> here female scientists born in NYC",

So, if I'm interested in female actors born in NYC, should I follow  
the link or not? If the annotation doesn't actually tell us what *not*  
to expect in the linked file, then it is not useful for making a  
decision.

> "Find here the phone numbers of
> the Tabulator's developers", "Find the start time of chords on that
> audio signal", "Find here my latitude and longitude and the time at
> which they were captured"...

These are just examples of chaining -- if I'm interested in the phone  
numbers of Tabulator developers, then it's probably a good idea to  
follow the ex:developer link anyways, even if I don't know yet wether  
I'm going to find a phone number there.

(Knowing that there are *no* phone numbers in their descriptions would  
be helpful, because then I don't need to bother following the links if  
all I'm interested in is phone numbers. But your example-based  
proposal doesn't tell me that there will be *no* phone numbers.)

Best,
Richard



>
>
>
>>>>> But perhaps the approach I proposed when we discussed the  
>>>>> void:example
>>>>> property could work, in exactly the same way as in [1].
>>>>>
>>>>> In the representation of :New_York, we could write something  
>>>>> like (in
>>>>> N3):
>>>>>
>>>>> <http://example.org/persons_nyc.rdf> void:example { :al_pacino
>>>>> :birthPlace :New_York }.
>>>>
>>>> N3 formulae cannot be expressed in RDFa or RDF/XML. How would you
>>>> serialize this in practice?
>>>
>>> As in the post I refered to: you can point to
>>> http://example.org/dataset-example.rdf where you put these example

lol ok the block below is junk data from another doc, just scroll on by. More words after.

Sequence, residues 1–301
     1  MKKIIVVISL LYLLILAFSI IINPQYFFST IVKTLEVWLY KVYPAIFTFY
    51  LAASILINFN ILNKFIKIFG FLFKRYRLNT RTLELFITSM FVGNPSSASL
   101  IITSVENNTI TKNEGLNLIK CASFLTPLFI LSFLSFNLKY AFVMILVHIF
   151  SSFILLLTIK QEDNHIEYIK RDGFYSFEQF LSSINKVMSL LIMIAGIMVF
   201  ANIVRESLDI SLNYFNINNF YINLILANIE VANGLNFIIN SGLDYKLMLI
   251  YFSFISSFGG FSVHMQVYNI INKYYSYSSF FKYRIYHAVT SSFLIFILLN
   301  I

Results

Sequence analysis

>>> triples.
>>
>> Then, to decide if I want to follow any of those links, I need to  
>> do an
>> extra HTTP request to retrieve a single-triple document. I think we  
>> can do
>> better than that. I also don't like the idea of having to potentially
>> provide an extra example document *per link*.
>>
>>>> As far as I can remember, all the examples that people have given  
>>>> could
>>>> be addressed with a simple property-based approach. Has anyone  
>>>> mentioned a
>>>> use case that goes beyond looking for a single property? If not,  
>>>> then what
>>>> does the additional complexity of this proposal buy us in practice?
>>>
>>> The example mentioned in my post uses more than one property, or the
>>> exampl above.
>>
>> The example in your post was about describing datasets. I don't see  
>> how it
>> makes sense in the context of splitting up the RDF description of an
>> individual resource.
>>
>
> As mentioned above, it is the same problem - providing clues to a
> client. IMHO, expressing "This RDF document holds persons born in NYC
> and their birth date" is a similar problem as expressing "This dataset
> holds Creative Commons records".
>
> Cheers!
> y
>
>>>> (I note that the situation here is different from what you  
>>>> described in
>>>> [1]. There it was about annotations on a dataset level. Here it  
>>>> is about
>>>> annotating links that occur within many or all individual  
>>>> documents of a
>>>> dataset.)
>>>
>>> A RDF document is a dataset, and can be described as such :-)
>>
>> This isn't about what *can* be done, it's about what's *useful* to  
>> do.
>>
>> I think that you have an interesting approach to describing RDF  
>> datasets,
>> but I don't think that it is a good solution to the problem of  
>> hinting at
>> the content that is available behind an RDF link.
>>
>> Best,
>> Richard
>>
>>
>>
>>>>> [1]
>>>>> http://blog.dbtune.org/post/2008/06/12/Describing-the-content-of-RDF-datasets
>>
Received on Tuesday, 6 January 2009 11:44:23 UTC